Rethinking Choice: Potential Pregnancies, High-Tech Mothering and Reproductive DemocracyPerin Gürel
The role of implicit and explicit advertising is also undeveloped. The reader never knows quite why so many women are willing to undergo untested procedures, drain their savings accounts, and break national laws in order to "potentially" conceive. How does the rhetoric of donor "angels" and "forever families" work to fuel this intense personal pronatalism in the U.S., for example? How does Scandinavian Cryobank's American advertisement campaign, which boasts that the baby will be "a Viking," obfuscate the fact that the birth rate by an insemination cycle remains at a "high" of 34.6% per cycle? Does the market actively encourage a kind of personal eugenics for women and couples who could in fact conceive by other means or adopt? Instead, Spar is at her best in applying economic analysis to facts and numbers. What does emerge from her substantial insights is the power of the fertility market, as directed by a rather insatiable demand for a product that is conceived as "priceless" and for which customers will pay "over and over and over again" as long as they can (4)
Where does this "insatiable demand" come from? How does it take shape in specific cultural environments and how does it turn a couple or a woman into a grateful customer? It was partially these questions that made me turn to Hertz's readable in-depth sociological study of middle-class women who chose to be mothers while single. Single by Chance, Mothers by Choice is based on interviews with sixty-five Massachusetts single mothers, 11 of whom identify as lesbian or bisexual. The book, written by an eminent feminist sociologist, does in fact suggest several compelling reasons for the continuing rise of demand, beginning with the hegemony of "compulsory motherhood", the common-sense belief that all women must want to become mothers. More interestingly, Hertz speculates that there might be a direct influence of The Baby Market on this long-standing ideology: "Compulsory motherhood has strengthened its hold as new reproductive technologies and the globalization of adoption have put children within every woman's reach" (5). Several feminist works, which Hertz does not cite, have called into question the rise of "technical imperative," alongside compulsory motherhood, due to the "mere existence of pre-natal screening and infertility treatments, and their 'never enough' quality" (Thompson 58). Motherhood in its high-tech stage might have paradoxically become the norm, as opposed to the ideal. It is certainly interesting to see the ways in which science, not the expected culprit, religion, directs women's reproductive choices. Preceding the complex ways in which these women learn to maneuver through "the language of sperm banks, adoption agencies and legal contracts" is the overdetermined rise of desire (xvii)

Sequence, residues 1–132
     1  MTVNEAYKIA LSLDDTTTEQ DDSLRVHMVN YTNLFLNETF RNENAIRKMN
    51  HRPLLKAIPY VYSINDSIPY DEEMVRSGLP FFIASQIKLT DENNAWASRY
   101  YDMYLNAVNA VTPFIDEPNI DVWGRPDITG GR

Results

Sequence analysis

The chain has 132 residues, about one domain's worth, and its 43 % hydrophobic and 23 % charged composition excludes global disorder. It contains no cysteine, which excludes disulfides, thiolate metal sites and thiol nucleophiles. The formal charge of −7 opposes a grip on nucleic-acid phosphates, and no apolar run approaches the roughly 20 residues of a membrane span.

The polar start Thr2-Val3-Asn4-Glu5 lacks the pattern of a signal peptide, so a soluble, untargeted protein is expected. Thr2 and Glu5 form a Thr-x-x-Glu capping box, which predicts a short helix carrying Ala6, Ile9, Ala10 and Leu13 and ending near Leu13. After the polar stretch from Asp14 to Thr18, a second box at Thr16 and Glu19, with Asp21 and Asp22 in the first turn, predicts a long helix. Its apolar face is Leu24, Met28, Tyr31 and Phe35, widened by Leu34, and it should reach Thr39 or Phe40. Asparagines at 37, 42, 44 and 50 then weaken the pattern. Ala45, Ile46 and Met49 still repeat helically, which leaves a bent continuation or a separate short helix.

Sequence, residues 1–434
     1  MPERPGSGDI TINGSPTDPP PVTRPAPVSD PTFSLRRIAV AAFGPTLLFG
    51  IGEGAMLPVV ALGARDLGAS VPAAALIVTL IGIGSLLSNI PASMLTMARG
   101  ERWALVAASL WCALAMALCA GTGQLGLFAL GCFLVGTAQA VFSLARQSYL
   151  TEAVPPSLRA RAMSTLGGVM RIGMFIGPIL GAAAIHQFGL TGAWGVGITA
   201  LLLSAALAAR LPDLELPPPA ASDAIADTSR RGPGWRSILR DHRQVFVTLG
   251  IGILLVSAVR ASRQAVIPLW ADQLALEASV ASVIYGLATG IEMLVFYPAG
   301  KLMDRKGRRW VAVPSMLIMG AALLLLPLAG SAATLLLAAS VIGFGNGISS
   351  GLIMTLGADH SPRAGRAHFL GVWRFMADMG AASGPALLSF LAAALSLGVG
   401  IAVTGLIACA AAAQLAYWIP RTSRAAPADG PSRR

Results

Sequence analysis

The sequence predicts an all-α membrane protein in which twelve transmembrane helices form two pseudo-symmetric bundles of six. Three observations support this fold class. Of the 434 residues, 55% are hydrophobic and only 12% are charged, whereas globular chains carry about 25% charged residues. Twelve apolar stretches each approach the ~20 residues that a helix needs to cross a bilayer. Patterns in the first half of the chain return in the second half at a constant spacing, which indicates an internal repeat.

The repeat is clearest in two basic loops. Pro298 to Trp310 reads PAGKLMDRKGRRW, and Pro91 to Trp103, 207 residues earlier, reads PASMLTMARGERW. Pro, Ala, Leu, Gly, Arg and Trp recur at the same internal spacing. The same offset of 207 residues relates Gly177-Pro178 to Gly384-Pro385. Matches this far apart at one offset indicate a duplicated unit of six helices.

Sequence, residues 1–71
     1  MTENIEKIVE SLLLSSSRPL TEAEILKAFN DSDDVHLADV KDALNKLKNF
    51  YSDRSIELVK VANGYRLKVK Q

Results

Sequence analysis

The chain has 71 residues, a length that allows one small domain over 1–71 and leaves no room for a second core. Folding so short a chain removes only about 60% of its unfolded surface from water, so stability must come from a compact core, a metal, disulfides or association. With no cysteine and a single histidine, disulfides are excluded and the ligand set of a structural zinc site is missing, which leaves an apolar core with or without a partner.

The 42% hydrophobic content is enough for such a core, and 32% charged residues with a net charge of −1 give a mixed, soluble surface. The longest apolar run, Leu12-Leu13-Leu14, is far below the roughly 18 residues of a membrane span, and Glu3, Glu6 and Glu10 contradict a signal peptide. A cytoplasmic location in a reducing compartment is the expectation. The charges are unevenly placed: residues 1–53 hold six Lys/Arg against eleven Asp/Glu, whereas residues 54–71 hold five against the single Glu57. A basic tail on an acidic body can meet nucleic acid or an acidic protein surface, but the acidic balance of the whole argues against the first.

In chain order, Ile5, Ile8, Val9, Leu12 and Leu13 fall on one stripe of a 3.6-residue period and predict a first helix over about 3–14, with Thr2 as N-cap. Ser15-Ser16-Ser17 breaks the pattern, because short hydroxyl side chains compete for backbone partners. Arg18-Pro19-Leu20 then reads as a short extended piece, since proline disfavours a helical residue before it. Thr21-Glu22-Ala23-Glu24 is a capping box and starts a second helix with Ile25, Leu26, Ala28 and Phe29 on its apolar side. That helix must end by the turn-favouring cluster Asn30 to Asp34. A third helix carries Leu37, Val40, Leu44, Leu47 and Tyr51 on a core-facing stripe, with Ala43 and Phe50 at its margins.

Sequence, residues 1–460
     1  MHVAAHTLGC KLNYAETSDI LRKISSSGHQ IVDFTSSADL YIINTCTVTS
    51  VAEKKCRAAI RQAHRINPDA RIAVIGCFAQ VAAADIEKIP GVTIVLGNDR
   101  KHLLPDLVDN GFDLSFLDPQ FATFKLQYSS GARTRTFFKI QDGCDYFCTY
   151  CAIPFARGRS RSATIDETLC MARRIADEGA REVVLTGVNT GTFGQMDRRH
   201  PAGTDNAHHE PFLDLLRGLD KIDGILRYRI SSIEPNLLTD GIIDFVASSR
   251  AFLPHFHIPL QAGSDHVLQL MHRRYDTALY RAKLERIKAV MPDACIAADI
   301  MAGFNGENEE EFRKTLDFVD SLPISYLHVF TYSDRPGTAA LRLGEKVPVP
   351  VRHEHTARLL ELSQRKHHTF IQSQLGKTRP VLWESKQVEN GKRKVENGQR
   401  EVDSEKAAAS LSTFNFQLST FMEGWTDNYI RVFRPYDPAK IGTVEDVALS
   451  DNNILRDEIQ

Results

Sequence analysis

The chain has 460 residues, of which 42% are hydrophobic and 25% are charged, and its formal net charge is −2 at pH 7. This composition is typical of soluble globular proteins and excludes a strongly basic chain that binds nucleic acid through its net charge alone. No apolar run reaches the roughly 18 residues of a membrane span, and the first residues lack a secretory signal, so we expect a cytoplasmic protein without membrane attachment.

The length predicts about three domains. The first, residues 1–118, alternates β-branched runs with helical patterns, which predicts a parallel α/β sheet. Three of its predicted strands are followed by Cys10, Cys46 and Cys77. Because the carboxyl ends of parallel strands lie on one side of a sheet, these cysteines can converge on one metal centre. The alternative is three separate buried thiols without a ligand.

Assisted, single motherhood is variously normalized by Hertz's interviewees. Most women in the study naturalize their decisions, explaining their quest for motherhood as fueled by a "compelling force" and an immediate "biological urge," although their entry into motherhood is far from impulsive (19).  Almost all report delaying motherhood until they reach the limits of their fertility or the age limits for adoption. They take many societal measures, such as enlisting family members and friends. Moreover, their eventual entry into motherhood is not justified by their biological need to reproduce (many become mothers through adoption) but by their ability to financially support a family and to successfully wield a humanist, rights-based rhetoric. To read even closer into Hertz's depictions, these women "claim the [legal] right" to motherhood even as they biologize it as the "ultimate fulfillment that is unique to women" (39). 
Reading into Hertz's straightforward depictions is often necessary because Hertz is reluctant to theorize at the expense of her subjects. She clearly perceives a new cult of motherhood, fueled partially by the rise of "supply," but she is not out to criticize these female pioneers for succumbing to "social control," or, as she puts it, for being only "reluctant revolutionaries" (193). Hertz is much more interested in the "how" question; she lucidly reports the women's thought-processes and experiences before using the tools of feminist sociology to come up with unifying threads. Despite her well-executed forays into sociological explanation marked with discussions of "paradigm shifts" and "catalytic events," Hertz keeps the jargon and the scholarly tone minimal. The book has even been described as a "page-turner" by a reviewer; its brilliant yellow cover decorated with a female cartoon figure and the dramatic vignettes that open each chapter make it Hertz's first book openly addressed to a lay readership as well as other sociologists.  As such, the study has a heavy emphasis on experience related through life narratives. Each chapter's opening vignette chronicles a woman in the middle of life-changing revelations and actions, ranging from descriptions of settling on a donor or deciding on the race of the child to adopt. The stories follow the women even after the birth of a high-tech child or the adoption of a Chinese orphan, and outline the dilemmas children and single mothers face in a society that still works within a 20th-century, heterosexist kinship system.
Perin Gürel is a graduate student in American Studies at Yale University. She holds a B.A. in American Studies and English from UC Berkeley, where she worked as a teaching assistant and studied with folklorist Alan Dundes.